Members of Indonesian National Search and Rescue Agency (BASARNAS) carry body bags containing the remains recovered from the area where a Lion Air passenger jet is suspected to crash, at Tanjung Priok Port in Jakarta, Indonesia Monday, Oct. 29, 2018. A Lion Air flight crashed into the sea just minutes after taking off from Indonesia's capital on Monday in a blow to the country's aviation safety record after the lifting of bans on its airlines by the European Union and U.S. (AP Photo/Tatan Syuflana)
A member of Indonesian Search and Rescue Agency (BASARNAS) inspects debris believed to be from Lion Air passenger jet that crashed off Java Island at Tanjung Priok Port in Jakarta, Indonesia Monday, Oct. 29, 2018. A Lion Air flight crashed into the sea just minutes after taking off from Indonesia's capital on Monday in a blow to the country's aviation safety record after the lifting of bans on its airlines by the European Union and U.S. (AP Photo/Tatan Syuflana)
Rescuers search for victims of a Lion Air passenger jet that crashed in the waters off Tanjung Karawang, Indonesia Monday, Oct. 29, 2018. The Lion Air flight crashed into the sea just minutes after taking off from Indonesia's capital on Monday in a blow to the country's aviation safety record after the lifting of bans on its airlines by the European Union and U.S. (AP Photo/Achmad Ibrahim)
Members of Indonesian Search and Rescue Agency (BASARNAS) inspect debris recovered from near the waters where a Lion Air passenger jet is suspected to crash, at Tanjung Priok Port in Jakarta, Indonesia Monday, Oct. 29, 2018. A Lion Air flight crashed into the sea just minutes after taking off from Indonesia's capital on Monday in a blow to the country's aviation safety record after the lifting of bans on its airlines by the European Union and U.S. (AP Photo/Tatan Syuflana)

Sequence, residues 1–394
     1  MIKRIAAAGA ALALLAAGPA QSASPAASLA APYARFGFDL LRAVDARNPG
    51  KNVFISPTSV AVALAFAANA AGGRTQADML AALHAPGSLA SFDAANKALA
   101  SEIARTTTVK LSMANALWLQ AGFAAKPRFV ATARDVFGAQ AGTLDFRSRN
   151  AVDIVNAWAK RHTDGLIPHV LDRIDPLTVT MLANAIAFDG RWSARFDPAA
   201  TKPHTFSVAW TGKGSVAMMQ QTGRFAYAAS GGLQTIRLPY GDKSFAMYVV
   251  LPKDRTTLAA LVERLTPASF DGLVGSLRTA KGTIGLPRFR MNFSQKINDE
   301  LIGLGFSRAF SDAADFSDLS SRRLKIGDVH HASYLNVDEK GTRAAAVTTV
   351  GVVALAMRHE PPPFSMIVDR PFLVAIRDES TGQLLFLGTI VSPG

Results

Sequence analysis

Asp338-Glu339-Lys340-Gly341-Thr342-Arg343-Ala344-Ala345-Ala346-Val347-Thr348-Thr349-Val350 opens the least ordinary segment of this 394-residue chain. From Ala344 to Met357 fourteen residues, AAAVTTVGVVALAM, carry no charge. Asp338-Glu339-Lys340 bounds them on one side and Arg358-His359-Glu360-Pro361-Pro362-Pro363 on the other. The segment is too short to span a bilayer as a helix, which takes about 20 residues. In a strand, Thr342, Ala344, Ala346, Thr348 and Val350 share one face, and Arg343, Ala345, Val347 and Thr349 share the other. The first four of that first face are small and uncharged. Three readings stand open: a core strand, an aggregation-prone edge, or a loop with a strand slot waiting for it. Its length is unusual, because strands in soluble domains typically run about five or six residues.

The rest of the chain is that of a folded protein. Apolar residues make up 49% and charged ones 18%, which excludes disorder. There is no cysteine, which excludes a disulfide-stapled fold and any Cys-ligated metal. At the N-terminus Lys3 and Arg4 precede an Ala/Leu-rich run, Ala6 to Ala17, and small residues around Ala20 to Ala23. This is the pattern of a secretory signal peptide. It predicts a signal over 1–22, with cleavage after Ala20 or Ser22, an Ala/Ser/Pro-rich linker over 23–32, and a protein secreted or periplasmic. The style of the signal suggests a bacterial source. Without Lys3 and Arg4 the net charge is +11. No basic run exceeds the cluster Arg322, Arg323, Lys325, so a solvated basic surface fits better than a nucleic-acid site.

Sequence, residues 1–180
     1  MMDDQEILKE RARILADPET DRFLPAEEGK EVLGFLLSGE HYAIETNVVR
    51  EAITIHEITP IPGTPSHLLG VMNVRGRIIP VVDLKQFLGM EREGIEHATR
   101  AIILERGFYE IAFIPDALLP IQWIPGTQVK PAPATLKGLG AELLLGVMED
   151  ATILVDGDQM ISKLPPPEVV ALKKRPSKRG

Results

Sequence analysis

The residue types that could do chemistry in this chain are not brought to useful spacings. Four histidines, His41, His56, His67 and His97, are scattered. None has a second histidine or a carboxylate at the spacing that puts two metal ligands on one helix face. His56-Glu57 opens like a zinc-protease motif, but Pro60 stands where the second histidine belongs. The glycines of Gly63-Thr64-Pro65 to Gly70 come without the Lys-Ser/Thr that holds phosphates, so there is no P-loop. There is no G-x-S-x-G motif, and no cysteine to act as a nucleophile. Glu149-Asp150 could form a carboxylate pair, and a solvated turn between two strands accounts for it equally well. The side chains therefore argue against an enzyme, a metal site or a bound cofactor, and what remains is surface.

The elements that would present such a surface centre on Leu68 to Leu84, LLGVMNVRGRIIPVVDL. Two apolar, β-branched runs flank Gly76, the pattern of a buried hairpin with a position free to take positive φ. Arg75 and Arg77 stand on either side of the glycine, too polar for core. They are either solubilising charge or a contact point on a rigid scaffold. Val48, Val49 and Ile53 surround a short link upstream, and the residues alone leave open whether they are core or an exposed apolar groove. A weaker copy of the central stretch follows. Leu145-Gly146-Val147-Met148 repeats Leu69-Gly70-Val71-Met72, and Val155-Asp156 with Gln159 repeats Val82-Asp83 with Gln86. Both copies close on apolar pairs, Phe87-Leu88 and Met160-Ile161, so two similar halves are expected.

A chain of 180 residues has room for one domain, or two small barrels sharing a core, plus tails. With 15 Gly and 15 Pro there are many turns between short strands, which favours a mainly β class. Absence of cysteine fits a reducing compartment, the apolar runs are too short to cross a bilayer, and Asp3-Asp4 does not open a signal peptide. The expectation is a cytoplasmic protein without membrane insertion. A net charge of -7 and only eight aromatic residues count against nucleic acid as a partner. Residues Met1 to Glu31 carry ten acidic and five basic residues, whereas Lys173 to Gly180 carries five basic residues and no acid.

Customers sit near a Lion Air counter at Soekarno-Hatta International Airport in Tangerang, Indonesia Monday, Oct. 29, 2018. A Lion Air flight crashed into the sea just minutes after taking off from Indonesia's capital on Monday in a blow to the country's aviation safety record after the lifting of bans on its airlines by the European Union and the U.S. (AP Photo/Tatan Syuflana)
Relatives of passengers arrive at Lion Air's crisis center at Soekarno-Hatta International Airport in Tangerang, Indonesia Monday, Oct. 29, 2018. A Lion Air flight crashed into the sea just minutes after taking off from Indonesia's capital on Monday in a blow to the country's aviation safety record after the lifting of bans on its airlines by the European Union and the U.S. (AP Photo/Tatan Syuflana)
A man takes photo of the list of passengers of Lion Air flight JT610 at Soekarno-Hatta International Airport in Tangerang, Indonesia Monday, Oct. 29, 2018. The Lion Air flight crashed into the sea just minutes after taking off from Indonesia's capital on Monday in a blow to the country's aviation safety record after the lifting of bans on its airlines by the European Union and U.S. (AP Photo/Tatan Syuflana)
A relative of passengers weeps as she arrives at Lion Air's crisis center at Soekarno-Hatta International Airport in Tangerang, Indonesia Monday, Oct. 29, 2018. A Lion Air flight crashed into the sea just minutes after taking off from Indonesia's capital on Monday in a blow to the country's aviation safety record after the lifting of bans on its airlines by the European Union and U.S. (AP Photo/Tatan Syuflana)